Praia is also home to the island’s commercial port © Francisco Caravana, Shutterstock
On the island of Terceira, Praia da Vitória feels open and bright with an attractive main square and extensive shopping street.
In contrast with other towns in the archipelago, Praia always feels open and bright. It has an attractive main square and a long pedestrianised shopping street. In winter, it wears the clothes of an out-of-season resort, with slow business at the hotels and restaurants. In summer, its large, artificial beach and sheltered bay attract holidaymakers and the town kicks into life: the major festivals take it to a whole different level again. Seasonal ferries land visitors from other islands here and Praia is also home to the island’s commercial port. The extensive lowlands of this eastern half of the island produced large quantities of wheat, and the wealth created is reflected in many fine houses in the town. At first called simply Praia, it gained town status in 1640. In 1581, after bombarding Angra, a Spanish fleet of ten ships was reconnoitring the Terceira coast and anchored in Salga Bay, in the southeastern corner. They were seen and the alarm given but by the time the Portuguese arrived 1,000 Castillians had landed and were already bent on destruction. After a morning’s fierce but indecisive fighting an Augustinian friar had the idea to drive cattle at the enemy. Over 1,000 animals were stampeded at the Spaniards, who fell back in disarray and were either killed or drowned on the shore. Thus ended the Battle of Salga. Again battle came to Praia in 1829, when the town, supporting the Liberal cause, successfully resisted an attempted landing by an Absolutist fleet of 21 ships. In commemoration, the town was called Praia da Vitória in 1837. The nearby Lajes airport now covers much of what were the great wheatfields of earlier days.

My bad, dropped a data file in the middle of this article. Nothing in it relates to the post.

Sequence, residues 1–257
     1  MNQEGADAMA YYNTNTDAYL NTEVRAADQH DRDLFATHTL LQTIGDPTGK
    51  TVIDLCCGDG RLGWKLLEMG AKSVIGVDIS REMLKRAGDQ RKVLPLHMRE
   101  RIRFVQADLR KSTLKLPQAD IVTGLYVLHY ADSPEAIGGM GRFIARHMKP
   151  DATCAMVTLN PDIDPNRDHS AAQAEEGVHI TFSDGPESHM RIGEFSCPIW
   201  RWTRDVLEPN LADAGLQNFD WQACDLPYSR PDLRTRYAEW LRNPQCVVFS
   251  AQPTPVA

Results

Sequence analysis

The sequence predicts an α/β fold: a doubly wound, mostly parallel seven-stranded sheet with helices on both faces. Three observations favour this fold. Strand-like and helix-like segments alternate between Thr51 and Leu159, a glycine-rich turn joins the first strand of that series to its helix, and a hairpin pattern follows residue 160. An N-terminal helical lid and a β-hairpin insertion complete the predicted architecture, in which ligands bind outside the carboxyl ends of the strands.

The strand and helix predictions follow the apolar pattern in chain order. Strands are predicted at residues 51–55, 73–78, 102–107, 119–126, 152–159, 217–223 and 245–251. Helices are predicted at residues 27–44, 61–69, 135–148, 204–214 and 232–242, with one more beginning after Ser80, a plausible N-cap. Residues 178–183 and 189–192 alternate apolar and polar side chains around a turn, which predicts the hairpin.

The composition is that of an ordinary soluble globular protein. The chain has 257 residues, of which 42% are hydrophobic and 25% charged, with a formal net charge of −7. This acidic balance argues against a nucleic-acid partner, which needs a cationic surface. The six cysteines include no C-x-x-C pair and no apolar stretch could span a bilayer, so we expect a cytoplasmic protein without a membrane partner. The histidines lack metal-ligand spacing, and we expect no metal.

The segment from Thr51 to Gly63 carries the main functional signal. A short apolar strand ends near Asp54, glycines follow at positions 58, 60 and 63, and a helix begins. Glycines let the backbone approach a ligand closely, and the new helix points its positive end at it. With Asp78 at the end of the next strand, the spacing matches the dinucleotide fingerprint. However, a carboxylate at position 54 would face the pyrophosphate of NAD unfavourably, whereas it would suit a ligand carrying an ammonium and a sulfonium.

In the main square, the Praça Francisco Ornelas da Câmara, is the Liberty Statue, erected on the centenary of the 1829 battle won by the Liberals in homage to the heroes. Overlooking the square is the attractive town hall, and further along on the Rua de São Paulo is the parish church, the Santa Cruz church. This was founded by one of the first settlers and has a 15th-century Gothic doorway and a 16th-century Manueline side doorway. Inside there are fine carvings, rich giltornamentation and various works of art. Further along on the same road, on the left, is the house where the writer Vitorino Nemésio (1901–78) was born. He held several senior academic posts in Lisbon and was a novelist, poet and scholar and also a popular television personality; his novel of 19th-century life on Faial and Pico, Stormy Seas, is in English translation.
In the opposite direction, towards the far end of the main pedestrianised Rua de Jesus, is the town market, built in the final quarter of the 19th century. Alternatively, in the opposite direction, take the Rua da Alfândega which becomes Avenida Álvaro Martins Homem and leads down to the beach and along to the modern marina.
The reduced strategic importance of Lajes airport has had an effect on the town, with the number of US military personnel reduced from 2,500 to fewer than 200. For a small town like Praia, that is a significant dent to the economy. New direct flights from Boston and Madrid have helped to alleviate the damage, and the promise of budget flights from the Portuguese mainland will provide further stimulus.